NORTH LITTLE ROCK, Arkansas—If anyone ever doubted that Supreme Court Justice Ruth Bader Ginsburg was a rock star, that uncertainty was completely erased Tuesday night.
Ginsburg completed a three-week course of radiation treatment in New York City for a cancerous tumor on her pancreas at the end of August. Less than three weeks later, she packed Verizon Arena with more than 15,000 people who stood in 90-degree heat for several hours to hear her speak. Such large crowds in Arkansas are usually reserved only for musical acts like Fleetwood Mac and Paul McCartney.
Even NPR’s Nina Totenberg, who conducted an hour-long interview with Ginsburg for the audience, said, “Justice Ginsburg and I maybe have never been in front of a crowd this large.”
From little girls dressed in black robes and white collars to middle-aged women wearing “RBG” T-shirts, the crowd went bonkers for the 86-year-old Ginsburg.
Ginsburg was invited to speak at the Clinton Foundation and Clinton School of Public Service’s Frank and Kula Kumpuris Distinguished Lecture series. When the event was announced in early July, 12,000 tickets, which were free, were reserved in less than 24 hours. The demand was so great to see the “Notorious RBG” that the event was moved from a modest auditorium in the city to the vast arena across the river from the William J. Clinton Presidential Center.
A rock concert vibe radiated throughout the night. The letters “RBG” flashed on a mammoth screen and a video showed Ginsburg’s swearing-in ceremony before the surprise entrance of former President Bill Clinton.
Clinton, who the crowd didn’t know would be appearing, nominated Ginsburg for the Supreme Court in 1993, only the second woman to sit on the bench. Former Justice Sandra Day O’Connor, appointed by President Ronald Reagan, was the first in 1981.
Although Clinton now lives in New York, he still has many fans in Arkansas, a staunch red state that President Donald Trump carried with 61 percent of the vote in 2016 against Hillary Clinton.
“We love you, Bill,” one woman yelled.
“We miss you,” another person shouted.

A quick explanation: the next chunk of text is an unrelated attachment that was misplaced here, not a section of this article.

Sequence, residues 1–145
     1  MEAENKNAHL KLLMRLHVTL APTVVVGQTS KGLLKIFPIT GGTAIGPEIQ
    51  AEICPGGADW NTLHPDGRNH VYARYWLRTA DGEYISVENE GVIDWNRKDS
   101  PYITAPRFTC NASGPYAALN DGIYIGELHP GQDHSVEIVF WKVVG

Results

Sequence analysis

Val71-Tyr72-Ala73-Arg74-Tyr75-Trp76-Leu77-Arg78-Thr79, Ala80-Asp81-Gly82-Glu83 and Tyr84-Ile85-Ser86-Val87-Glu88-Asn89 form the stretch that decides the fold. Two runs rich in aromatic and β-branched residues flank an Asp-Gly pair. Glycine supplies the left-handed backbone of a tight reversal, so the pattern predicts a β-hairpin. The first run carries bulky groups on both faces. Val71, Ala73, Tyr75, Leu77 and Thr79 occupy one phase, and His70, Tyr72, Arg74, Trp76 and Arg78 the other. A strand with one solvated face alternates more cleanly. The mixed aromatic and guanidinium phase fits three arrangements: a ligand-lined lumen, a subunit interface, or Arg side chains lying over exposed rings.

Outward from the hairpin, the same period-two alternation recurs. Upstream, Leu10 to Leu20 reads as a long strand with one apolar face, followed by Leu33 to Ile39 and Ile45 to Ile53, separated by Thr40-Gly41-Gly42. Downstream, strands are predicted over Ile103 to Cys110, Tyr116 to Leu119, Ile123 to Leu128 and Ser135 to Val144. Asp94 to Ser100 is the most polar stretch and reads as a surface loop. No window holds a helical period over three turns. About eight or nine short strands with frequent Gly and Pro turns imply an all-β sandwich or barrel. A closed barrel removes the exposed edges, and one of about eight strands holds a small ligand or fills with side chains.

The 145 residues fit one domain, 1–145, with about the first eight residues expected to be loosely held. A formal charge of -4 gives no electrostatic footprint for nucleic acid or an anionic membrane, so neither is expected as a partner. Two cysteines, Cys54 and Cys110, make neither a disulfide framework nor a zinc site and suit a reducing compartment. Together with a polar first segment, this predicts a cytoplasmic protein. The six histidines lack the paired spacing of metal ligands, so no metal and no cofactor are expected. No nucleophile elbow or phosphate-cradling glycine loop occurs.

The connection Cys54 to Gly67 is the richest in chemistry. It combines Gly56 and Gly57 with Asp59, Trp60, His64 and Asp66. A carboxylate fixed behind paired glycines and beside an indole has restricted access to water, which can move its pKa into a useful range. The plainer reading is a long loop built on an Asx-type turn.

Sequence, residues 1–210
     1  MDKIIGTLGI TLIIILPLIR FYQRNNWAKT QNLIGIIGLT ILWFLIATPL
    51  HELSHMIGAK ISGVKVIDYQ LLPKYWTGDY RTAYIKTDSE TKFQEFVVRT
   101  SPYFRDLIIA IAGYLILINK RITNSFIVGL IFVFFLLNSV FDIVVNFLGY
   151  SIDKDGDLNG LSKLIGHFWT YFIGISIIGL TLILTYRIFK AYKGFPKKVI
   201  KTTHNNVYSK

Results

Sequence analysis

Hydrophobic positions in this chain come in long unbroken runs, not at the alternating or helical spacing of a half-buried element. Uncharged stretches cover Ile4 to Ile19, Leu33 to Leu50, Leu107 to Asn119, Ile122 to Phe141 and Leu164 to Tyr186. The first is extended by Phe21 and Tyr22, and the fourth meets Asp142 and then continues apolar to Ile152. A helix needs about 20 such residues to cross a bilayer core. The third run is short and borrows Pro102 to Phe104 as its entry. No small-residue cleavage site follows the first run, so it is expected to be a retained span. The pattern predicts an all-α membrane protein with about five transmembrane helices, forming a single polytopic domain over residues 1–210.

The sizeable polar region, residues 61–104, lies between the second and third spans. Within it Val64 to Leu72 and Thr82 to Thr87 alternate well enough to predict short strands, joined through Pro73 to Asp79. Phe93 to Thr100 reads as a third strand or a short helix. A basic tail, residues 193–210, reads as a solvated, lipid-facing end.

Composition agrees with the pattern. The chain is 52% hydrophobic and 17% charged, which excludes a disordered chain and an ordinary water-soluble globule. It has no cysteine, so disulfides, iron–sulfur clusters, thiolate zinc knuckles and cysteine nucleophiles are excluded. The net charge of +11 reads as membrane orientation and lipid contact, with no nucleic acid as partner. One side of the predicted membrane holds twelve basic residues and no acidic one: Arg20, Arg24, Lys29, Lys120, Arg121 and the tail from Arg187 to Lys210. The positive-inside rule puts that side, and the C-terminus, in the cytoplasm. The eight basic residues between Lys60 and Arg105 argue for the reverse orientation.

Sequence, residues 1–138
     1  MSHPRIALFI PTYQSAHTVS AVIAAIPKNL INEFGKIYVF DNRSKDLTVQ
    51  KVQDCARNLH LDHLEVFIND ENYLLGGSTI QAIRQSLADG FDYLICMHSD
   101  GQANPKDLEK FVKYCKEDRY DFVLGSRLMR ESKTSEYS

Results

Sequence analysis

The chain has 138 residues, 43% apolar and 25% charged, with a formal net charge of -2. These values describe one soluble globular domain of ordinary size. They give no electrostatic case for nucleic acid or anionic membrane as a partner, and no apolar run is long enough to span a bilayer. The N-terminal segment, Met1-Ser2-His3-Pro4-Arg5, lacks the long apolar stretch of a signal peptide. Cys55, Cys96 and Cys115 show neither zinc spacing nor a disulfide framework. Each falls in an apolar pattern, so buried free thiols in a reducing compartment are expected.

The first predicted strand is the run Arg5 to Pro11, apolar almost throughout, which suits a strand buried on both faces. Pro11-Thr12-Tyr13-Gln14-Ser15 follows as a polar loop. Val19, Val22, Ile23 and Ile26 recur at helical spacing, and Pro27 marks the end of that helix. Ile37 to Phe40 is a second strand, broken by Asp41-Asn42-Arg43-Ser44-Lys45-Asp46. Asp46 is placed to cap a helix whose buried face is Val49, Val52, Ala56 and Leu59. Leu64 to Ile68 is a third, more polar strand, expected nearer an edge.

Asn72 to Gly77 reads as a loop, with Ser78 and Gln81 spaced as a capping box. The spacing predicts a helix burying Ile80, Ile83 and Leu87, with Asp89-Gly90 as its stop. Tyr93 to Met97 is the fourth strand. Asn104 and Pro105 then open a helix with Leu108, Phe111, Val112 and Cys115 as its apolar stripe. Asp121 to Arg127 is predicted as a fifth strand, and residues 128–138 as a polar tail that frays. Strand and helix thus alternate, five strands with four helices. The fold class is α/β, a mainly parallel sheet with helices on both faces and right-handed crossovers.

Clinton recalled nominating Ginsburg, saying that when he met her in 1993 he was struck that she was “righteous and warm-hearted” and “brilliant.” But as that initial conversation continued on a Sunday afternoon at the White House, Clinton said at one point the meeting was no longer about nominating a Supreme Court justice.
“I was just a guy talking to someone I really liked,” Clinton said.
He acknowledged that when he nominated Ginsburg he had no idea she would become a pop culture icon with her likeness on mugs and tote bags and skits about her on “Saturday Night Live.”
“You can become resentful of such,” he joked before Ginsburg approached the stage. “All of us hope she will stay on that court forever.”
Ginsburg, who needed assistance up the stage’s steps, rocked a pair of black lace gloves and put both of her hands up to persuade the crowd to sit down during a standing ovation with claps, cheers and whistles. Two mugs—one with “Diss” and the other with “Ent”—sat on a table that separated Ginsburg and Totenberg.
Totenberg asked Ginsburg a series of questions that traced the justice’s life story, from growing up in Brooklyn to caring for her husband during his cancer battle while she attended law school, to her path as a feminist legend and her close friendship with the late Justice Antonin Scalia. Ginsburg also talked about her legal work in the 1970s, especially against gender discrimination and women’s rights.
The NPR commentator also didn’t shy away from Ginsburg’s health battles. In 1999, Ginsburg underwent colon cancer surgery. In 2009, she battled early pancreatic cancer. Late last year, she had surgery to remove cancerous nodules from her left lung.
“Where are we here?” Totenberg asked, considering Ginsburg’s recent cancer treatment and hinting maybe the justice should rest.
“I had promised the Clinton Library I would be here,” Ginsburg said. “I feel really good tonight.”
To that, the crowd gave Ginsburg another standing ovation.
“How do you keep going?” Totenberg asked.
“My work,” Ginsburg said, adding that “if I have an opinion to write or a brief to read, I know I’ve just got to get it done so I have to get over it.” She reminded the crowd that O’Connor had battled breast cancer while serving as a justice, and that O’Connor once gave her some useful medical advice.
“Ruth, you schedule your chemotherapy on Friday,” O’Connor told Ginsburg. “You have Saturday and Sunday to get over it.”